15 hours 35 mins | Harper Audio | Adult Fiction | 02/06/2018
Spanning the late 70s to early 90s, The House of Impossible Beauties is a fictionalization of the real-life figures at the center of House of Xtravaganza–a Puerto Rican drag queen family.
If you’re wondering if this is the documentary Paris is Burning in book form, let me tell you–yes, yes, that is literally what this is. In interviews, the 28-year-old author Joseph Cassara has said he was inspired to write this book after watching the documentary. I really don’t know how to review a book like this, so I’m just going to do a feels dump and start with what I liked.
I came across this book because I was looking for something narrated by Christian Barillas after Jess gave him a glowing review last year.In this 15 hour behemoth of an audiobook Barillas gives a wonderfully emotional and varied performance. New York City is diverse and he was doing everything from old-school Italian accents to the “Nuyorican” accents to several dead on “white guy” voices.
Maybe it’s my YA sensibility but my favorite storyline was the relationship between Juanito and Daniel, two runaway gay teens who find a home in the House of Xtravaganzas. I later found out this book started out as a short story about just them and it shows. At times it felt like their story was in an entirely different universe than the others. But holy moly, this book leans really hard on the “tragic queer” and Bury Your Gays trope.
The majority of this book is told from the POV of Angel and Venus Xtravaganza, two real transwomen who were featured in the documentary. While most things in this book line up with what really happened to them, it’s almost like the book goes out of the way to make them more tragic. In an interview in The Millions, Cassra says he basically wrote this book in the bubble of the prestigious Iowa Writer’s Workshop and it really shows. I don’t understand how you can write a book like this, using real people’s names and lives and not make an effort to do some first-hand research before querying. I also think this is also one of the reasons we only have one ball scene in the entire book.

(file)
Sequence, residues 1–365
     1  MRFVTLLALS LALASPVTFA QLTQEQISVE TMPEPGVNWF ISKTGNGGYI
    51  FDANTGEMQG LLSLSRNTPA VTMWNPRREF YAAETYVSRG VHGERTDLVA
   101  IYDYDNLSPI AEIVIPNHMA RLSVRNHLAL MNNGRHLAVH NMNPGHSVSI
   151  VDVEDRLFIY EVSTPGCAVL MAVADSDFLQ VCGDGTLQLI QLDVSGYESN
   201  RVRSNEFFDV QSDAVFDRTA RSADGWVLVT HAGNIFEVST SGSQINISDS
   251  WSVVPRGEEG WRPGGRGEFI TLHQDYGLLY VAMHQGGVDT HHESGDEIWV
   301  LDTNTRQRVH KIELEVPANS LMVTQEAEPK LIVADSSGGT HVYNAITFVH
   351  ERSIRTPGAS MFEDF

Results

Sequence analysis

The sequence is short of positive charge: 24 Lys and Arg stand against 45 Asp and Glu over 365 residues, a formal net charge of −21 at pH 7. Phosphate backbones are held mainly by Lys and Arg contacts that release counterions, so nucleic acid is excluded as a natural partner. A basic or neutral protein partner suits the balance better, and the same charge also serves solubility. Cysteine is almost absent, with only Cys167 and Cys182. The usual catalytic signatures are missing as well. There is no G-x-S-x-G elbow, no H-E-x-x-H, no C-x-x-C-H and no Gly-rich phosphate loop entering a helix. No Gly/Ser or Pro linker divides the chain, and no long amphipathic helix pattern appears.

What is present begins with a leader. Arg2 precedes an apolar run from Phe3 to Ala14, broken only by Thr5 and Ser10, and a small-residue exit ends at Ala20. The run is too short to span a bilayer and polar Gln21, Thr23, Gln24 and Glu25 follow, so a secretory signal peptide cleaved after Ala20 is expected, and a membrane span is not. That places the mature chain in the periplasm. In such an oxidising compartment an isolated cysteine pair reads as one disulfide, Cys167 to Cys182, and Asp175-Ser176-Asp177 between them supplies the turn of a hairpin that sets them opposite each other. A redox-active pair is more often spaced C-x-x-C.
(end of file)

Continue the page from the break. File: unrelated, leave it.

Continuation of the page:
Speaking of that The Millions interview, at one point Cassara says his intent with this book was to just shine a lens on how tragic and unfair life was and that he is “not really interested in books that feel didactic” and “didn’t really think about politics at all.” And IMO, I think that is part of what makes this novel feel so weak. Everything about the drag scene in the 80s (and heck, even now) is inherently political. There is just so much that could be unpacked, especially since many of the characters are real people and so much of what happened to them has to do with the politics of the time.
But also, the House of Xtravaganza is still very much alive (including a founding member who Cassara kills in the books) and their members have been influencing pop culture for years. I can’t imagine how they would feel reading a book like this that ignores their legacy in favor of a tragic story. It feels weird critiquing this book because Cassara is gay and Puerto Rican with New York roots so in some ways it is his story to tell.
I’m being a black sheep though because this book has been getting quite a bit of critical acclaim, even though for me this book about revolutionaries felt unrevolutionary.
Lithubdid a really interesting feature on the cover design process for this book. This was my favorite of all the mock covers:
I’m a lifelong reader who started blogging about YA books in 2011 but now I read in just about every genre! I love YA coming of age stories, compelling memoirs and genre bending SFF. You can find me talking all things romance at Romance and Sensibility.